Up until today, Horsegate is one of the most infamous incidents in the food industry, which has provoked a huge discussion about food safety and the quality of the supply chain. Currently, the European Commission is developing additional rules for labelling meat products.
Dolce & Gabbana “chinese chopsticks” ad
When entering new markets, businesses need to be especially careful with their messages.
For example, in 2018, the Italian fashion brand Dolce & Gabbana was embroiled in a scandal. The company launched the #DGLovesChina ad campaign on social media, which was dedicated to the brand's show in Shanghai. The video, where an Asian model eats Italian dishes with chopsticks, caused outrage among users. They considered this image stereotypical, and the attempt to teach Asians to eat European dishes with chopsticks — as racist.
The videos were removed within a day, but this did not stop the indignation of social media users. As a result, the show was cancelled, and to this day the brand remains "non grata" on the Chinese market.
What Happens if a Business Loses Its Brand Reputation?
With an effective reputational risk management system and prompt response to negative reviews, the company can minimise the negative consequences for itself. However, reputational risks can have long-term and serious impacts on your business, such as:
- A drop in sales and profits.
- An outflow of customers and audience.
- Personnel outflow.
- Difficulties in finding new partners.
In today's business environment, reputational losses occur even more often and strike even more painfully. This is due to a change in the information habits of customers. Most of the audience now consumes information online.
In the UK, there are 57.6 million active social users as of 2022. 93% of customers look for reviews online before making a purchase and have an extraordinary level of trust in them.
Thus, now the company's reputation can be affected not only by the broadcast media. Now each of your customers has a voice, and an audience of millions can read about their experience.
In addition, online communication is extremely fast — and in a matter of hours, negative feedback can become "viral" and spread around the world. Your company should be ready for such a scenario and regularly monitor social networks. Use LIGA UNITED to never miss any mentions about your business.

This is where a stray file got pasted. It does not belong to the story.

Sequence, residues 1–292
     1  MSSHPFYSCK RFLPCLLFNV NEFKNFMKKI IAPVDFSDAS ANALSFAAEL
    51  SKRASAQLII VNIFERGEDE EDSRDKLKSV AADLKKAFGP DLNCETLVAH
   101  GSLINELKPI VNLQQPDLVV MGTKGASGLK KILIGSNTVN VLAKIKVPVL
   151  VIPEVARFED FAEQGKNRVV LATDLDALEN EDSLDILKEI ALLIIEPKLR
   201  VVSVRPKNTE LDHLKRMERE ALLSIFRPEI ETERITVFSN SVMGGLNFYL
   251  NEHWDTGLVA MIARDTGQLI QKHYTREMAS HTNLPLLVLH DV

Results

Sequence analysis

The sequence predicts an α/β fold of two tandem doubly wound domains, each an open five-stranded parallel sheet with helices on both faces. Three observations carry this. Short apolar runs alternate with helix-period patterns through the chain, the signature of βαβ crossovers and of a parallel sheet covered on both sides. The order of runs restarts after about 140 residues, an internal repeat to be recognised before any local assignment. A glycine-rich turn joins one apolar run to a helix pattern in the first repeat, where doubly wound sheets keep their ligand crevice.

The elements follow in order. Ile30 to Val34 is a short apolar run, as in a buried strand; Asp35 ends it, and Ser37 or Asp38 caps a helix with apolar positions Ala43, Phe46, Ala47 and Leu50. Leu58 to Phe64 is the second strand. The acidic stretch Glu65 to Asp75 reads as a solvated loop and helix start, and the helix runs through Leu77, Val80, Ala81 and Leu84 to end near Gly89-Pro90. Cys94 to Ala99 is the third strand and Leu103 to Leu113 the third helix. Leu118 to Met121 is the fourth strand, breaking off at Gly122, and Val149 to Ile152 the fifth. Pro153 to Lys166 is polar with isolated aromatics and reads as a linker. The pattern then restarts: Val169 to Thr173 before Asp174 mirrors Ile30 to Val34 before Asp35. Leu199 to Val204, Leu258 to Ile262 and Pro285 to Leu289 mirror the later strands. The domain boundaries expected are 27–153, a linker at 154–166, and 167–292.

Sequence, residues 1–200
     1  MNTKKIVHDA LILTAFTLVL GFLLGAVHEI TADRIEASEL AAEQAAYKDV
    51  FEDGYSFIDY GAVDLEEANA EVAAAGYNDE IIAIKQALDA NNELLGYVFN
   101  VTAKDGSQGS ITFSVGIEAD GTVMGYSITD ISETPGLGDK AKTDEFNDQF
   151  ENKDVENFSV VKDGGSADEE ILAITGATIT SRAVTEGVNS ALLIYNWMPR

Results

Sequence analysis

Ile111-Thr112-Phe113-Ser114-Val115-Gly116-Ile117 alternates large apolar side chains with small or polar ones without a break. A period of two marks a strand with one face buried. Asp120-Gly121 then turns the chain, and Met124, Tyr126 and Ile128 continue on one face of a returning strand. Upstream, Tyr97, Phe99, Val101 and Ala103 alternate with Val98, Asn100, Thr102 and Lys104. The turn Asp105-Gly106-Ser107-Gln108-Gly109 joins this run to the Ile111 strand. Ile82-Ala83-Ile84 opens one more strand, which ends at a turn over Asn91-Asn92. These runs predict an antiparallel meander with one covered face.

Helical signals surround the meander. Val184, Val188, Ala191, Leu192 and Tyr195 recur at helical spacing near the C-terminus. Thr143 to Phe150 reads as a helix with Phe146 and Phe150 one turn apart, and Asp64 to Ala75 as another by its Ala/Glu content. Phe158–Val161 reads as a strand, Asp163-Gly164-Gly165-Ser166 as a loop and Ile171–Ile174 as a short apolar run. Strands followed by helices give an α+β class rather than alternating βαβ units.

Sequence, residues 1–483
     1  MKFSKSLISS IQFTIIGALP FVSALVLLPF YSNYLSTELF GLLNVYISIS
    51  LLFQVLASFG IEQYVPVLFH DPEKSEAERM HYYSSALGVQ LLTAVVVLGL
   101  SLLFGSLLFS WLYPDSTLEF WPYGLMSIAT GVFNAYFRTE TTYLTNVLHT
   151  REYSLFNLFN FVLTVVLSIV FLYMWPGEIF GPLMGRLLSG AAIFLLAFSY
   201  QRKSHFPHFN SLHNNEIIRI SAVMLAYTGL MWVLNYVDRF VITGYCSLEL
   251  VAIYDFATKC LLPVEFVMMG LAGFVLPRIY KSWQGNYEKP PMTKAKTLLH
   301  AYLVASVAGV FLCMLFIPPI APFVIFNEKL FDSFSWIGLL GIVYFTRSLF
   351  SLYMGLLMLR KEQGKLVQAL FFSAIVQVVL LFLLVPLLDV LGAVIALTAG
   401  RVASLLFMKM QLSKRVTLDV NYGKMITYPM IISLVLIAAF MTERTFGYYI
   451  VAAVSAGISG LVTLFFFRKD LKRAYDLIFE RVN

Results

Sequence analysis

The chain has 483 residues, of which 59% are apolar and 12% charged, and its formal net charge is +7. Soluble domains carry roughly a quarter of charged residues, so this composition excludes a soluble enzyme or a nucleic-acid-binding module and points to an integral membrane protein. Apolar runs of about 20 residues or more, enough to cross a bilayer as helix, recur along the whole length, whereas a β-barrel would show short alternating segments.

How Can Reputational Risks Be Managed?
Adverse impacts on a company could be greatly reduced with reputational risk management. In particular, the following steps are effective:
- Identify and analyse the sources of risks
Make a list of all potential circumstances that could negatively affect the public image of your business. Next, analyse the probability of such events occurring. Can they be prevented? If the risk comes true — how harmful is its impact? Which steps would be most effective in this scenario?
- Research the needs of your Partners, investors and customers
A common risk is that the business is not able to meet the expectations of stakeholders. That is why it is imperative to make every effort to provide exactly the quality of services or goods expected of you. Surveys and analysis of feedback from customers and companies can help with this task.
Set up monitoring in LIGA UNITED so you don't miss any mentions of your business.
- Evaluate the effectiveness of your operations
Personnel management, internal communications, the quality of supply chains — any weak link in business can become a source of threats. To prevent them, it is necessary to constantly analyse internal and external processes in the company and take timely steps to fix errors.
- Develop a risk management strategy
Today's business environment is extremely complex, and it is impossible to completely avoid negative impacts. However, if you have an action algorithm at hand, any risk can be minimised, or even used to your advantage. A successful strategy will consist of procedures that must be followed regularly to protect the company, as well as mechanisms for responding to risky situations.
For example, monitoring information about customers and counterparties can protect against toxic business relationships. This tool is available in LIGA UNITED.
- Constantly improve protection mechanisms
There is no such thing as too much caution in the business world, and if there is any step that can protect a company, it should be implemented today. Staff training, equipment replacement, and additional software are all examples of steps that help protect the brand image.
- Monitor information
Various risks arise every day and therefore require constant monitoring and proactive actions. In particular, it is worth monitoring the activities of counterparties and clients, the competitive environment, and reviews in the media. The completeness and timeliness of this data will allow you to react and adapt your actions in time.
- Use automated risk management systems
The amount of information in the world is increasing every day, and it is becoming increasingly difficult to analyse it manually. Fortunately, there are automated systems that keep track of all critical aspects of your business. LIGA UNITED combines three information streams at once — verification of companies within AML/KYC procedures, adverse media screening and court cases. Order demo access to see all the benefits for yourself.
These are various events and factors that can negatively affect the public perception of the company by customers and partners.
To determine reputational risk, you need to 1) predict a certain negative scenario, 2) assess the probability of its occurrence, and 3) assess the potential impact.
With this information, you will be able to create an algorithm of actions.
Reputational risk management requires daily monitoring of information, including mentions of the brand in the media. Automatic monitoring systems such as LIGA UNITED help to deal with a large volume of data.